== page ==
This month, we’re focusing on the Syrian refugee crisis and connecting it to our global #Dreamshare campaign -- asking our friends and supporters to visit the campaign site and share their dreams for the future of Syria and its people and refugees.
Jonathan Lo with the social media team talks about the dreams that the refugee children of Syria have for their own futures…and why they need some real-life heroes.
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Superheroes are everywhere today: the Avengers, Spider-Man, X-Men, and even a new Batman. Our fascination most likely stems from one of two possibilities: We either want them to save us from our current situation, or we want to be just like them.
As a kid, there was no greater call in my life than to grow up and become a Power Ranger. I wanted to fight bad guys. But an ounce of reality hit, and I decided that the next closest thing was to be an astronaut. If aliens came, I'd already be trained in intergalactic relations, and if they didn't come, I'd still get to float around in space.
It was fun to dream and I knew that if I studied hard enough, I could make it a reality. I'm not an astronaut today, but the point is that I had the luxury to dream about my future.
That’s not the case for every child. When colleagues interviewed children from Syria living in Lebanon, their words broke my heart. I felt hopeless.
Over 2 million refugees, half of whom are children, have fled violence in Syria, and more than 600,000 now reside in Lebanon.
These children aren't dreaming of adventure. They dream of peace. I believe that a child can’t dream of adventure until he first feels at peace. And a child can’t feel at peace until she feels at home.
What's happening in Syria is an injustice to children everywhere. Aren't we, as followers of Christ, called to care for refugees? When God dramatically rescues the Israelites from persecution in Egypt, He commands them:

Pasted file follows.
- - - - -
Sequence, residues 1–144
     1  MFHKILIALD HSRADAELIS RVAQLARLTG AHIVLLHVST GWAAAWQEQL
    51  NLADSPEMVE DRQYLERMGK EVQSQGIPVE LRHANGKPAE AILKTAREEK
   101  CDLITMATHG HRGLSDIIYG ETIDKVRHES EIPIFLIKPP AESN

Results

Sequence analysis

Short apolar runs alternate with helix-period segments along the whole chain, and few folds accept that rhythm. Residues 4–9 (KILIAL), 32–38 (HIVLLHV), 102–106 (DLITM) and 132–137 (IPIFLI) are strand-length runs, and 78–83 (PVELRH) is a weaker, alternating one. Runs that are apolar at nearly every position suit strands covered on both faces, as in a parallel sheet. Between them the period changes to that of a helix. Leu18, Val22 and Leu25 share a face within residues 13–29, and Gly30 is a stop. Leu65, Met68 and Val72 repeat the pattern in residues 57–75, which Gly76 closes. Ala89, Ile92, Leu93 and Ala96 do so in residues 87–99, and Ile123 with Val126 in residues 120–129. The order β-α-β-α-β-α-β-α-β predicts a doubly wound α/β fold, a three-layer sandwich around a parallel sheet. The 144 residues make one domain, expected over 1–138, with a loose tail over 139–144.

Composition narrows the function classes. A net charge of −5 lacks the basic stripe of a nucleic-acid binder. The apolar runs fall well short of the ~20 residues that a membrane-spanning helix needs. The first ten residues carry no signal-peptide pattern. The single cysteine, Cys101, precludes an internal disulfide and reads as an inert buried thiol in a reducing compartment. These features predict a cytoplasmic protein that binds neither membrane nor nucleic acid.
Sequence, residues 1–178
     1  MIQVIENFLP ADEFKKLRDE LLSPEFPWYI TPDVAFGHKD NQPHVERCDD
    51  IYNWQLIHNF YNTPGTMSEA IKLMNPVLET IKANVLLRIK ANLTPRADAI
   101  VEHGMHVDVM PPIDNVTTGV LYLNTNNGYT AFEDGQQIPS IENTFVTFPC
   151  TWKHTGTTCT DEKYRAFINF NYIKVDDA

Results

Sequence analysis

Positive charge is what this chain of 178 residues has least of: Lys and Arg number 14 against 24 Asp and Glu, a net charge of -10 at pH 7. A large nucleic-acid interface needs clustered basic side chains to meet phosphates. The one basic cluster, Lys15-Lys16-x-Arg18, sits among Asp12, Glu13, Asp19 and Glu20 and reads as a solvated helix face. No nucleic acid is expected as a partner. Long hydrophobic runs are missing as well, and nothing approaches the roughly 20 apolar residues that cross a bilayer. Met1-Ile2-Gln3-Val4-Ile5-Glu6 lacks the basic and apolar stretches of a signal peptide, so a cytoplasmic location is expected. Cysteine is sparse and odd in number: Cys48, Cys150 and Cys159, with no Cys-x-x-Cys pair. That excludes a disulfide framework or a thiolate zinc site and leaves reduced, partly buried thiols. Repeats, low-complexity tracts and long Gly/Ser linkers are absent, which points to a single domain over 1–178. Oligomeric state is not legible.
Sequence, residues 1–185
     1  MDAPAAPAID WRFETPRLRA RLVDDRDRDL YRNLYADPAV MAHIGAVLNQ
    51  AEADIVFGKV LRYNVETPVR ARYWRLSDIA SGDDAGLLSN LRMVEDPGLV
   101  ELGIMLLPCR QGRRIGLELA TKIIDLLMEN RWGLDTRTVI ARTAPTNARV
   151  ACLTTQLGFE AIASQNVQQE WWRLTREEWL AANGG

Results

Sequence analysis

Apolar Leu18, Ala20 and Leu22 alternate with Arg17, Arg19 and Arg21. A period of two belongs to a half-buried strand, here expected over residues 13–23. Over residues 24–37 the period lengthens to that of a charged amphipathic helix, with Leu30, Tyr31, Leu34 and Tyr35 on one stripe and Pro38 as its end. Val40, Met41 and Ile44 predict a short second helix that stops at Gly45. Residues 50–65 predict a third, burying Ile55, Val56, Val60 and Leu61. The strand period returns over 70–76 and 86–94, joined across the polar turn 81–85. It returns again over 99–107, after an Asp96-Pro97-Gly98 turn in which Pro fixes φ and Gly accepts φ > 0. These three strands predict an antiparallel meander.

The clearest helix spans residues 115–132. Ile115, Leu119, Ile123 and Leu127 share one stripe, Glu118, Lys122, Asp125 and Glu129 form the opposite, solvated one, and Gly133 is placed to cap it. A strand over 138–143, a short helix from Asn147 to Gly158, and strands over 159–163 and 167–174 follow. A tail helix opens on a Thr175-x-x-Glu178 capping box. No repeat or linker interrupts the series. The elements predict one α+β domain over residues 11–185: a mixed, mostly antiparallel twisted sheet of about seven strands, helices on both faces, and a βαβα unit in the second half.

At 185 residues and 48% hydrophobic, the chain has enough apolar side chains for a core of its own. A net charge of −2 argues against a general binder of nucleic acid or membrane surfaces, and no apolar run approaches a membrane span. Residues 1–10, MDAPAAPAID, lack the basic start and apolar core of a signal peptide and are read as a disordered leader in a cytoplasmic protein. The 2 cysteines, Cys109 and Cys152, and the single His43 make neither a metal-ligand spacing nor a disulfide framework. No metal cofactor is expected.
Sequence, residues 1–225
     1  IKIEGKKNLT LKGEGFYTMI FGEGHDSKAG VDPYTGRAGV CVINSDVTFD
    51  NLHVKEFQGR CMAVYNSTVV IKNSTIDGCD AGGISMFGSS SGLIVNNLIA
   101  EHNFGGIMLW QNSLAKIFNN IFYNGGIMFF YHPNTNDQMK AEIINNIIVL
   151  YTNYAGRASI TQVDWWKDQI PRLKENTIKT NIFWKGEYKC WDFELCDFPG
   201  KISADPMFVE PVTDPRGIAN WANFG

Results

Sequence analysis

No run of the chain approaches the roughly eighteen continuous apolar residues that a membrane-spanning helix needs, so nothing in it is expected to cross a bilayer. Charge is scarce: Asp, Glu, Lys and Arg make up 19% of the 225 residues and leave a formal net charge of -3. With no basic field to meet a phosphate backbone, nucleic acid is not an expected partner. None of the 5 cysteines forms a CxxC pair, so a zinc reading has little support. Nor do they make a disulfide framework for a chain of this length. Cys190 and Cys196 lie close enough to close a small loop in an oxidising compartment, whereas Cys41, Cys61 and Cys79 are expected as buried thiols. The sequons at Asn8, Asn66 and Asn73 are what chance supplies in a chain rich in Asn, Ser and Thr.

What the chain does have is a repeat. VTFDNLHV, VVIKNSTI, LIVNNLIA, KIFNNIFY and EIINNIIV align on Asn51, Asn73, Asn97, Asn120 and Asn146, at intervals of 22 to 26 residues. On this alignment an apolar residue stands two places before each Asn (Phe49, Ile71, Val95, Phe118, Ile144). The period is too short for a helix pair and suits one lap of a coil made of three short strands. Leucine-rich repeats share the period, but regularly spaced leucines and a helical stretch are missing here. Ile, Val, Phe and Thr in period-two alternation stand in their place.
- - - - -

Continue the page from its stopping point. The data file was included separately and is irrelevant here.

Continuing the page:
"Do not oppress a foreigner; you yourselves know how it feels to be foreigners, because you were foreigners in Egypt." —Exodus 23:9 (NIV)
I'm no seasoned biblical scholar, but I'm pretty sure that when God tells us what not to do, we should proactively do the opposite.
"You shall not murder" means "Love your neighbor"
"You shall not steal" means "Be generous"
"You shall not give false testimony" means "Live with integrity"
"Do not oppress" means "Love and comfort"
Simply stated, Exodus tells us that we need to actively love and comfort foreigners (hint: refugees).
Sometimes I wish that Power Rangers are real. Couldn't they sweep in and save Syrian kids from mayhem and death? Couldn't they actively love and comfort the refugees living in Lebanon and Jordan? Couldn't they return children to their homes, restored and rebuilt from ruins?
Power Rangers aren't real, but we are -- and God is.
I've matured a bit since age 7 and no longer dream of becoming a Power Ranger, but my dreams today revolve around American Christians stepping up and showing the world our core -- that we care, and care deeply.
If we can actually do something to bring love and comfort to children, we need to -- urgently. Every kid, including Syrian kids, deserves to dream of adventures, and "home" should be a given.
Make a one-time donation to help World Vision provide emergency assistance for Syrian refugees. Your gift will help us deliver basic hygiene kits and food vouchers for refugee families, as well as support initiatives like the remedial education program, helping refugee children continue their education away from home.
Please join us in prayer for all World Vision staff members working around the world, particularly in this region of conflict.